I learned firsthand very quickly that even the most accurate models are worthless if no one uses them or no one understands them. I learned that a project can be a failure even if the models are good, much to my dismay. I wish I had known earlier that it was more important for me to hone the skills of communication and project management than it was to learn any technology or algorithm.
Things I learned but did not know I needed to learn when I started:
How to properly scope a project
How to get alignment with key stakeholders
When and how to effectively communicate needs, expectations, and progress across multiple teams.
How to facilitate productive meetings
Many people (read: me) do not naturally have these skills. You know who is specifically trained to have these skills? Product Managers and Designers.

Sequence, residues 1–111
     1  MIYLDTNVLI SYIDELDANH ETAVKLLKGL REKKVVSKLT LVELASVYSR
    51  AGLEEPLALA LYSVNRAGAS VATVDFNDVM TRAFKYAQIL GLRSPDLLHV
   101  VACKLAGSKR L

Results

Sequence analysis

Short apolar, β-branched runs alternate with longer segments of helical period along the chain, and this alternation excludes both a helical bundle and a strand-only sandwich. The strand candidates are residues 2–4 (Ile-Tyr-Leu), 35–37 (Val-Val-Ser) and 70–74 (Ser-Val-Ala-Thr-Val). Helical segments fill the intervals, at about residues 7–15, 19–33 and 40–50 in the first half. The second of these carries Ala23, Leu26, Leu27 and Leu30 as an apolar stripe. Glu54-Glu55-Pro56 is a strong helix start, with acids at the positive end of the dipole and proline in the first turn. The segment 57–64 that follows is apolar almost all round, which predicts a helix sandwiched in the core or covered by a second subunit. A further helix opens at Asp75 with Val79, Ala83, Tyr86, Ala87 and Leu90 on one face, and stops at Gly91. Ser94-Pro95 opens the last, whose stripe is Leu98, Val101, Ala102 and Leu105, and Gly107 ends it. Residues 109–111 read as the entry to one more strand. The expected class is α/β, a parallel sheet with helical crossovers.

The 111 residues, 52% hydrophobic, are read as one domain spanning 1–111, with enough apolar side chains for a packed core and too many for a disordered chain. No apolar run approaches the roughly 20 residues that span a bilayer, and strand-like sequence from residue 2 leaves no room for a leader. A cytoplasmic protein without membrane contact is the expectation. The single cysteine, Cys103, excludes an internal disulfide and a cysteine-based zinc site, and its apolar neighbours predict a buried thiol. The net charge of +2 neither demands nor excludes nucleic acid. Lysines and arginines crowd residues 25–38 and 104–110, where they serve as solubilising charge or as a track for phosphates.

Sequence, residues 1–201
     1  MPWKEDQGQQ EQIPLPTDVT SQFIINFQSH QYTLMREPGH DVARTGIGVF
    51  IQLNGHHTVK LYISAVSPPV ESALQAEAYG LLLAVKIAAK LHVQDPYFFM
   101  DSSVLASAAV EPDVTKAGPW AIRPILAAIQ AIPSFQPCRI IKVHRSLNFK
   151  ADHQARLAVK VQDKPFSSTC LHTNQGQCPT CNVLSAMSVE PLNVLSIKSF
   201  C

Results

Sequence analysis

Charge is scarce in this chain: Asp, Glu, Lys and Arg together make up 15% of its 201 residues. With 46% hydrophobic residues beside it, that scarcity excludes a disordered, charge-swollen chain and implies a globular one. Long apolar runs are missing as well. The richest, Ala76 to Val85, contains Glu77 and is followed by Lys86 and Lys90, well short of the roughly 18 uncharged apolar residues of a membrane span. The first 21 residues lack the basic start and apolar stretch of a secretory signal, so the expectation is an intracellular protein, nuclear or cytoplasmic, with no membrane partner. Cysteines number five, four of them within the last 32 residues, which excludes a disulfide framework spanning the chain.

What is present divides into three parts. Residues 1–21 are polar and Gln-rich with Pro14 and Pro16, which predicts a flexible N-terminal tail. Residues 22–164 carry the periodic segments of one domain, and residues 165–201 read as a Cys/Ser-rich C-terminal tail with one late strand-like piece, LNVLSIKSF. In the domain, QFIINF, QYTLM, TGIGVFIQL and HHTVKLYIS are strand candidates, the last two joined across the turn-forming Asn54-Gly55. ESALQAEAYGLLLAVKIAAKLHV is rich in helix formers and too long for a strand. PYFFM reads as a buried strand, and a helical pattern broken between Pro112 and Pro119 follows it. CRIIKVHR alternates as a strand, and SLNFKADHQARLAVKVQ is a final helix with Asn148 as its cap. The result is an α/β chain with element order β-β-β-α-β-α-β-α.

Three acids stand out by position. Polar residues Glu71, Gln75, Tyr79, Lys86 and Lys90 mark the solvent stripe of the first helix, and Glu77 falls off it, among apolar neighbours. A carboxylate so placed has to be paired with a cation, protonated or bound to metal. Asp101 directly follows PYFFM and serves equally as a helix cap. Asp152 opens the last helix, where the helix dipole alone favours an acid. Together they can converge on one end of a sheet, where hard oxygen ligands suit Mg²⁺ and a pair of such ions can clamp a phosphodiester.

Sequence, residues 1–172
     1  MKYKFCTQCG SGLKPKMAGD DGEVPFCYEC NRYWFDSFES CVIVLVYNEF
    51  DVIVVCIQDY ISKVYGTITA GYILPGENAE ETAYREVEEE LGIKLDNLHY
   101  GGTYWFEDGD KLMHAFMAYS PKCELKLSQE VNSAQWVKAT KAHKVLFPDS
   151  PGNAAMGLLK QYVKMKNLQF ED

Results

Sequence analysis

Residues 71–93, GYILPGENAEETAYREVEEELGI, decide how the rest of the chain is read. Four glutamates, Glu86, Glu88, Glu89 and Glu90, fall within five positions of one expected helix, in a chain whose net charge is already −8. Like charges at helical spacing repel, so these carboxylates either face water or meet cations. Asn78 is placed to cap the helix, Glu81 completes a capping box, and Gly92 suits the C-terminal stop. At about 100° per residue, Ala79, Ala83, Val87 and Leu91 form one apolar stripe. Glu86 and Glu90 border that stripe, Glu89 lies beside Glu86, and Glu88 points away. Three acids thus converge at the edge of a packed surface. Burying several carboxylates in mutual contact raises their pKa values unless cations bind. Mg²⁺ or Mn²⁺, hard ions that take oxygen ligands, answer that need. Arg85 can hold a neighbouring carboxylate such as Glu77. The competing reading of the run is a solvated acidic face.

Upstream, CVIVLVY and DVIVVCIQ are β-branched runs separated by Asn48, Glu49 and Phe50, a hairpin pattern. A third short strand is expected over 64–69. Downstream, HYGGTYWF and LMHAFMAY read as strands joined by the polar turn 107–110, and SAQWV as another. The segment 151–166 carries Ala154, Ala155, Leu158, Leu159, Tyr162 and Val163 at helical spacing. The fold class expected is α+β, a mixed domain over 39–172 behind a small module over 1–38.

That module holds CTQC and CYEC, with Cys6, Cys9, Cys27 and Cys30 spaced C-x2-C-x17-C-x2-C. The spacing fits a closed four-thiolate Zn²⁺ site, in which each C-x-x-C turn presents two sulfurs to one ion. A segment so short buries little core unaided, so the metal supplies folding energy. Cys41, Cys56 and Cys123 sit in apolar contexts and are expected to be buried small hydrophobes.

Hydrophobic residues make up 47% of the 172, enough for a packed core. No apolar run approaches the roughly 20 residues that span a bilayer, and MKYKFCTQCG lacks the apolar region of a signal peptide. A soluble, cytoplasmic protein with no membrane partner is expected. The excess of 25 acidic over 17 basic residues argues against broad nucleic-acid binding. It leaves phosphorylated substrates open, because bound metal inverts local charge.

I spent many years trying to learn these skills by just doing better than I had done the last time, like a really slowly converging optimization. A few years ago, I started working closer with Product teams and I learned how much better I could be communicating and collaborating. Instead of plodding through learning on my own, I realized I could reduce it to a problem that has already been solved.
We can all agree that ‘Big Data’ is overused, right?
One of the most common situations when I’ve encountered this phrase has been in client meetings during my time as a consultant. The customer will say sheepishly, ‘We don’t have Big Data yet, but…’ and will proceed to rattle off concerns about scalability or ideas for downstream analytics or smart features they want to include in their product.